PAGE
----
“Looks Like A Cat From Hell”

Volcano Eruption In Iceland Shocks Internet: 'Looks Like A Cat From Hell'

Picture shows lava coming out of a volcano in Iceland.

A video going viral on Twitter shows lava coming out of a volcano in Iceland. The dark themed-video has surprised several users, who have compared the visual to that of “a cat from hell”. The footage has been shared by user named Bjorn Steinbekk, a drone photographer. “Good night and remember, u are awesome,” reads the caption.

The two-minute-long video shows the fissures caused by erupting magma and hardened rock forming a shape, which resembles a cat. As the camera moves around, it shows the lava moving through a valley, giving it a shape of a tail.

According to the Iceland Meteorological Office, the volcano eruption was reported near Iceland’s Keflavik Airport last Wednesday. The eruption caused officials to closely watch the situation and piqued the interest of some who ventured near the bright-orange lava flows despite warnings, reported Washington Post.

The video has amassed over 11,000 views and hundreds of likes on Twitter since being shared. More than hundred users have re-tweeted the post so far.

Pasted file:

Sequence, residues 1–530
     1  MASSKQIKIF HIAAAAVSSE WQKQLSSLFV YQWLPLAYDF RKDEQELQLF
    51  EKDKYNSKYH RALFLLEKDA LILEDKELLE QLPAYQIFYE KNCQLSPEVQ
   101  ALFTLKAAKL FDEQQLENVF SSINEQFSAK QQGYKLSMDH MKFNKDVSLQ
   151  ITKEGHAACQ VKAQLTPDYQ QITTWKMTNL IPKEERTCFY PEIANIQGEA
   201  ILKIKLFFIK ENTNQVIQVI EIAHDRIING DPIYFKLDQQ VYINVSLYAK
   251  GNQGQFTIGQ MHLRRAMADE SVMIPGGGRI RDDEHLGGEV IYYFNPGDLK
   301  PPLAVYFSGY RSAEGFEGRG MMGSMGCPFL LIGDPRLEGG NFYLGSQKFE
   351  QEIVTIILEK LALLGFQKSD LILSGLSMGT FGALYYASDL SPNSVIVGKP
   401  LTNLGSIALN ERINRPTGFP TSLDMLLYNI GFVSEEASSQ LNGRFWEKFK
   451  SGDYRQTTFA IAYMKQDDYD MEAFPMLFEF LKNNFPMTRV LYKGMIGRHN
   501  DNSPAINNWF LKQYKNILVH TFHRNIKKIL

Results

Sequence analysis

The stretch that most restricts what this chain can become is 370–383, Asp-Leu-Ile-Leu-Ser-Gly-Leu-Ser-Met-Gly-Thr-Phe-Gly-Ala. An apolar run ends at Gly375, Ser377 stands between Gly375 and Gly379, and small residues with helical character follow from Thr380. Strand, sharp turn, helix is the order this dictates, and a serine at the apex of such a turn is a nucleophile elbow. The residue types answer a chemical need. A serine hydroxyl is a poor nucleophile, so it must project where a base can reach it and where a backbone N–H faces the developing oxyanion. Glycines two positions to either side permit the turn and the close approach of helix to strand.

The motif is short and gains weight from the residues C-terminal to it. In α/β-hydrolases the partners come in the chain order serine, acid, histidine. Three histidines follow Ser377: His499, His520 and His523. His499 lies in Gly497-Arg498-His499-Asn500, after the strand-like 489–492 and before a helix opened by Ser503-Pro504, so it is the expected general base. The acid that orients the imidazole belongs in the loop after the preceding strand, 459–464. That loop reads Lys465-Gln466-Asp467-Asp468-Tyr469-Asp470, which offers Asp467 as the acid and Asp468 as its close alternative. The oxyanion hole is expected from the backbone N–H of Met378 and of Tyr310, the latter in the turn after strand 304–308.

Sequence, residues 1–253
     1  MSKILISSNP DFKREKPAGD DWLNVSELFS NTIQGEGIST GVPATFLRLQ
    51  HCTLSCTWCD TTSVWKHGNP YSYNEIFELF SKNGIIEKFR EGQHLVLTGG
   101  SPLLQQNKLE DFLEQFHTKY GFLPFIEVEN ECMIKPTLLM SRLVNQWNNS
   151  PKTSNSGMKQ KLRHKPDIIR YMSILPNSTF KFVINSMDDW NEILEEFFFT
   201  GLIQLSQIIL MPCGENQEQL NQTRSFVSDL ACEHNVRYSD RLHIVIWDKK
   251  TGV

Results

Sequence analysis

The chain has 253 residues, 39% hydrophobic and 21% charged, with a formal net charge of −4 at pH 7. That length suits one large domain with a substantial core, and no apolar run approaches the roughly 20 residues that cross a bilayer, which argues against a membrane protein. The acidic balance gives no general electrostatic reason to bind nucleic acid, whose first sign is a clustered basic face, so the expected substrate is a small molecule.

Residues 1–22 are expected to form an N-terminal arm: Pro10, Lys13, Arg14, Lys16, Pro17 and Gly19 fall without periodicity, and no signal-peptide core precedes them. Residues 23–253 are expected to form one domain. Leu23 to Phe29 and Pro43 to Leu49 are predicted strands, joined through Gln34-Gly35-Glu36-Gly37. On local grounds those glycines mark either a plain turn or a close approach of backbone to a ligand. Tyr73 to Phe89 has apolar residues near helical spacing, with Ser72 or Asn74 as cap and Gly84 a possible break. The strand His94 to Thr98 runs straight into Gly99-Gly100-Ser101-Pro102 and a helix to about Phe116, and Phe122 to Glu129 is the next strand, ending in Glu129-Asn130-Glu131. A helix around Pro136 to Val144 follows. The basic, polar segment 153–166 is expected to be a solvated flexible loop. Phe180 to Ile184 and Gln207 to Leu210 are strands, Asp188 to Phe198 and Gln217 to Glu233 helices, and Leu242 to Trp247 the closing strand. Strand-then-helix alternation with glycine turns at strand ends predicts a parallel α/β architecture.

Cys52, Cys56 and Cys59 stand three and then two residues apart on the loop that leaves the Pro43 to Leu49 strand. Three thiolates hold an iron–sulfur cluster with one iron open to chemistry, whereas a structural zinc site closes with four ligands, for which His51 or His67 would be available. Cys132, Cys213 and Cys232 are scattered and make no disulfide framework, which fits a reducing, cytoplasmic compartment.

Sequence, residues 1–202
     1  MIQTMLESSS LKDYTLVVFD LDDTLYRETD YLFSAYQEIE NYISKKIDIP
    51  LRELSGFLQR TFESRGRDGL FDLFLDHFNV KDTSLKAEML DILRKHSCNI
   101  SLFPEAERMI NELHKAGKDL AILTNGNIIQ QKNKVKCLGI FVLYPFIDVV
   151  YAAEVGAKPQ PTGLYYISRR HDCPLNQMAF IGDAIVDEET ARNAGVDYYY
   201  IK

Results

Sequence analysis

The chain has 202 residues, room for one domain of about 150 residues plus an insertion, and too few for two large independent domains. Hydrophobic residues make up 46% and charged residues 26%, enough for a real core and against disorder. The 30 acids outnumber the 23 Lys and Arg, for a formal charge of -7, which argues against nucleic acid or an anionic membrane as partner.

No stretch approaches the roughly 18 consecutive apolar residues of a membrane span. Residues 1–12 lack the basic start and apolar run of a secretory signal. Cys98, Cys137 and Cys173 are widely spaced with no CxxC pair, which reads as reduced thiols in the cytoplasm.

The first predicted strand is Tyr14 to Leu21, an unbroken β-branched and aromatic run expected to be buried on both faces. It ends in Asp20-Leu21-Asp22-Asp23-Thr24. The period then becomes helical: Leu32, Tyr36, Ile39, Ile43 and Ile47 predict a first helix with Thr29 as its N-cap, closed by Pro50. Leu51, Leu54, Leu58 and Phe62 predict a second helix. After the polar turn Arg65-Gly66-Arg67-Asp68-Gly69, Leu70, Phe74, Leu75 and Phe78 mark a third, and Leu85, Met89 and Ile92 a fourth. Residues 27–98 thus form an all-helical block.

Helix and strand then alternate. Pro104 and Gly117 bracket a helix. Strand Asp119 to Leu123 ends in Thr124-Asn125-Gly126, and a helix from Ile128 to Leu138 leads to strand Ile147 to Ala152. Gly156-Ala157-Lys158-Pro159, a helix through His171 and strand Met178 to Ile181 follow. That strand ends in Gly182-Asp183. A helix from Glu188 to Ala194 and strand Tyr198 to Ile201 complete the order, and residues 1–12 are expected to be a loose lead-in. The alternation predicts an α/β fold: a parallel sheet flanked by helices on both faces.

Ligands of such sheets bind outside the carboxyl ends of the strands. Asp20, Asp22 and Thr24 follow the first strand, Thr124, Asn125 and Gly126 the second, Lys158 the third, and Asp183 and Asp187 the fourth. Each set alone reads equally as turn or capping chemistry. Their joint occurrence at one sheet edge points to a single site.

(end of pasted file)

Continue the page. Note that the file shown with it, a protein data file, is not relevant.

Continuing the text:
A user simply wrote “Omg,” while another said, “Looks like a cat from hell.” A third user commented, “Pray for the pull so that you get sustenance and the opportunity to come to the land of ice and fire.”

The Fagradalsfjall volcano in southwest Iceland erupted at 1:18 pm (local time) on Wednesday, with the Icelandic Meteorological Office advising people to avoid the sparsely populated area on the Reykjanes peninsula – though some still went up close to take photos with their children and fly drones, the Post further said in its report.

Known as the land of fire and ice, Iceland is Europe’s biggest and most active volcanic region, home to a third of the lava that has flowed on Earth since the Middle Ages, according to Visit Iceland.

The vast North Atlantic island straddles the Mid-Atlantic Ridge, a crack on the ocean floor separating the Eurasian and North American tectonic plates. The shifting of these plates is in part responsible for Iceland’s intense volcanic activity.

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